Résumés and Cover Letters
Your résumé is your own self-marketing tool. A résumé is sometimes referred to as a Curriculum Vitae (CV). Develop your résumé with your goal of obtaining a job interview. Target your résumé information toward your career field of interest and clearly define how your experience and accomplishments would add value to an employer. Remember that your résumé typically only receives about 30 seconds of attention from a recruiter, so create your résumé to clearly and concisely market your relevant skills, knowledge, and accomplishments.
Students typically spend a great deal of time on developing their résumé. The résumé development process gives students the opportunity to introspect and recall their accomplishments. Students are encouraged to gain résumé feedback from at least one person, in addition to their career counselor, before applying for positions.
Main Résumé Categories
Name, address, telephone number, and e-mail address.
Career Profile (optional):
Profile Statement: a summary of a person's qualifications (optional) if you are unsure or have a lack of space leave it out.
Full institution name, program or department, degree, location, and projected year of graduation.
Include dates (most recent first), job title, name of firm or institution, and location (city and state). Include list of responsibilities and use strong verbs to present each point. State your accomplishments and quantify all applicable areas. In addition, state all instances where you built on your transferable skills, including public speaking, teamwork, or liaising with ranking individuals in the organization. Can include paid, volunteer and intern positions.
Include project work on your résumé, as this aspect may be part of your curriculum and rare at other institutions. Companies value this practical experience. Particularly if you have no technical experience, include project work on your résumé.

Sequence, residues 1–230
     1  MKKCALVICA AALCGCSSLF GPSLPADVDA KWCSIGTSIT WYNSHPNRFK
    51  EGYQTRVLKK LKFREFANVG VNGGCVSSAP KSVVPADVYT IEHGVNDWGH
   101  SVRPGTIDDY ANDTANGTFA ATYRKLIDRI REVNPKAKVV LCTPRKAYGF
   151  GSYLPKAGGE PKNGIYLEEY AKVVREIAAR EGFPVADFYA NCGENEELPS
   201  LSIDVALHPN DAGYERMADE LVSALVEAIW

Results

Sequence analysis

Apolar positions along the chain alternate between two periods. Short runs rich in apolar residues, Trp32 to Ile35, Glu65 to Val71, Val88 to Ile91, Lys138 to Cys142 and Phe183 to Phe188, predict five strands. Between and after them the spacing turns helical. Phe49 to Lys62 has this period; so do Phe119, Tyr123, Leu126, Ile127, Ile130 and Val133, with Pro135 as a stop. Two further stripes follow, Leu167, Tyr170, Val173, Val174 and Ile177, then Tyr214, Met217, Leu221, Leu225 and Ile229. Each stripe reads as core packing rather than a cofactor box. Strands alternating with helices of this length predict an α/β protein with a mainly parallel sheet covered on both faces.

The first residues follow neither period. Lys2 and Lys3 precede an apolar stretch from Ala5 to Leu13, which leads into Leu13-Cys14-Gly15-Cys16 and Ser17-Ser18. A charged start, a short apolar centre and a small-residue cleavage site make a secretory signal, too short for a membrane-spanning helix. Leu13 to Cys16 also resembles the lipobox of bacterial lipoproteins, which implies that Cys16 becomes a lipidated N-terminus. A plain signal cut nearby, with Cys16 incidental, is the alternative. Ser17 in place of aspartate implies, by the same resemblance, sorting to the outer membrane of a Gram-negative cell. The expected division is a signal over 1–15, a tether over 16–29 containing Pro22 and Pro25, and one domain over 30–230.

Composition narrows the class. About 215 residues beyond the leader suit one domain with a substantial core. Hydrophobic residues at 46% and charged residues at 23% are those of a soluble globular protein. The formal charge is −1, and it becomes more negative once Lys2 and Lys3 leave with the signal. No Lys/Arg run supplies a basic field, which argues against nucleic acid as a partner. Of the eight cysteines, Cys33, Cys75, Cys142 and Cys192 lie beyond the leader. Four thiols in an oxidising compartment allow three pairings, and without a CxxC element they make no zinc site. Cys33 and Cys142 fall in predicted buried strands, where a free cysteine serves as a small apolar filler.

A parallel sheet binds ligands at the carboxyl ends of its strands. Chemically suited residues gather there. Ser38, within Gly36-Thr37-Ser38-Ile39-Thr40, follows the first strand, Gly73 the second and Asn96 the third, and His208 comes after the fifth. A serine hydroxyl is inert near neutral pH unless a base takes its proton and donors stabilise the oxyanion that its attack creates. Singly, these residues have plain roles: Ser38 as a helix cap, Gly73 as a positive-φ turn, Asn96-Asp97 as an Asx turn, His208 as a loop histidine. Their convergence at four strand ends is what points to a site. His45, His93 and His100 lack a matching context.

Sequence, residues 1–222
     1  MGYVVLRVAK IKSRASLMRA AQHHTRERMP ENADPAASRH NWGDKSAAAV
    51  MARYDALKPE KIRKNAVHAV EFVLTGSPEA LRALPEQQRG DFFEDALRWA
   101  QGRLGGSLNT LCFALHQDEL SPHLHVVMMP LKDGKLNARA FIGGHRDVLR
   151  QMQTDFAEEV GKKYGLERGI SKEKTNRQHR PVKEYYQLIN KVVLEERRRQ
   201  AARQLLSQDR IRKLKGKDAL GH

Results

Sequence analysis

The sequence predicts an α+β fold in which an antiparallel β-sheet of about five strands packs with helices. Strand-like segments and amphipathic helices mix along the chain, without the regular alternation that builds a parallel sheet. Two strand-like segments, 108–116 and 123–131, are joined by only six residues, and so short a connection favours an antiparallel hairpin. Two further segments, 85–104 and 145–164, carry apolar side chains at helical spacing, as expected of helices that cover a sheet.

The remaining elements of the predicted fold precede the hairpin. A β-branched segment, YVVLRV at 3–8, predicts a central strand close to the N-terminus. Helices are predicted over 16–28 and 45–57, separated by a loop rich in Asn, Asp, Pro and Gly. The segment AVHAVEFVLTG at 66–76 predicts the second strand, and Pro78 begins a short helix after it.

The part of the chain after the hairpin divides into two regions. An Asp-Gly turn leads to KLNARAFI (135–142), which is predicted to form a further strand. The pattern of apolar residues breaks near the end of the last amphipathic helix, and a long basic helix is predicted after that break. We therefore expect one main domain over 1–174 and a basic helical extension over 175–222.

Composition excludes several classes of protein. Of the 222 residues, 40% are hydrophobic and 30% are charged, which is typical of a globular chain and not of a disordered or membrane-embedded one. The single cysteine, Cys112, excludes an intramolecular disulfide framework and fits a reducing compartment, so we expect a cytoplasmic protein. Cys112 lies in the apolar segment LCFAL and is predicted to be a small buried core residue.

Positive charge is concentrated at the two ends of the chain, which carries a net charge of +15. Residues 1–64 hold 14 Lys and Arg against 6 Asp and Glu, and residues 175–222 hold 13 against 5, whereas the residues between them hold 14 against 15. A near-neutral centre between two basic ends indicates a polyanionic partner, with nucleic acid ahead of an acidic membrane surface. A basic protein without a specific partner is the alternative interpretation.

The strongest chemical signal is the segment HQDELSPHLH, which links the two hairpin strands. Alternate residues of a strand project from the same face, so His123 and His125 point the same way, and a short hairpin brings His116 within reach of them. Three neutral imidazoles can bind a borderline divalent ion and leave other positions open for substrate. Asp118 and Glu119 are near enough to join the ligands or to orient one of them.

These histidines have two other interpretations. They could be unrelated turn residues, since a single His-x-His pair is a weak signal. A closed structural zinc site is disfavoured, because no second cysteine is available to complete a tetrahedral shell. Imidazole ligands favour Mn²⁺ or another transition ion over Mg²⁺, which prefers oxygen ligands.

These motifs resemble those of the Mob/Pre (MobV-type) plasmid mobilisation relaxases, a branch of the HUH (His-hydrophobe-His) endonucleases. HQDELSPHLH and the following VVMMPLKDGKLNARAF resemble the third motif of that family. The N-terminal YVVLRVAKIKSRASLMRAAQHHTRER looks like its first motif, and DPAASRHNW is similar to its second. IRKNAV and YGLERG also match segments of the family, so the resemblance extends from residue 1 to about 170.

List honors, awards, scholarships, publications.
Clearly state foreign language, computer, and other relevant technical skills.
Professional memberships, if any. Engineering students should join the appropriate group in the freshman or sophomore year.
Additional Résumé Categories
Try to group these together when you can.
Additional categories, which can add a great deal to your résumé to highlight special knowledge and skills, include:
- Internship Experience
- Leadership Activities
- Professional Affiliations
- Technical Skills
- Volunteer Activities
There are two basic résumé formats: the chronological and the functional. The chronological is the most popular and the one usually preferred by employers. It lists your achievements by date, the most recent experience first. Note, students are encouraged to list their strongest qualifications first, Chronological résumés work well for students whose work experience is directly related to their professional objective.
The functional résumé is organized around specific skills and allows the writer to highlight strengths in many areas. It is beneficial for those students whose experience is not directly related to their chosen career. The drawback is that information on a functional résumé can be taken out of context, giving the impression that the applicant is trying to hide something.
Appearance and Length
The résumé must look professional and be aesthetically pleasing, as the résumé appearance is often a major factor in getting the employer's attention. The résumé should be concise and direct, with material presented in a clear, easy-to-follow format. Font sizes should remain in the 10-14 point range and for most students and recent graduates, a one-page résumé is standard.
Create visual impact using bolded and/or CAPITAL LETTERS. The use of underlining and italics can affect the ability to scan one's résumé, so avoid these options.
Hard copy applications should be printed on high-quality paper of neutral color, using matching paper for the résumé, cover letter, and envelope.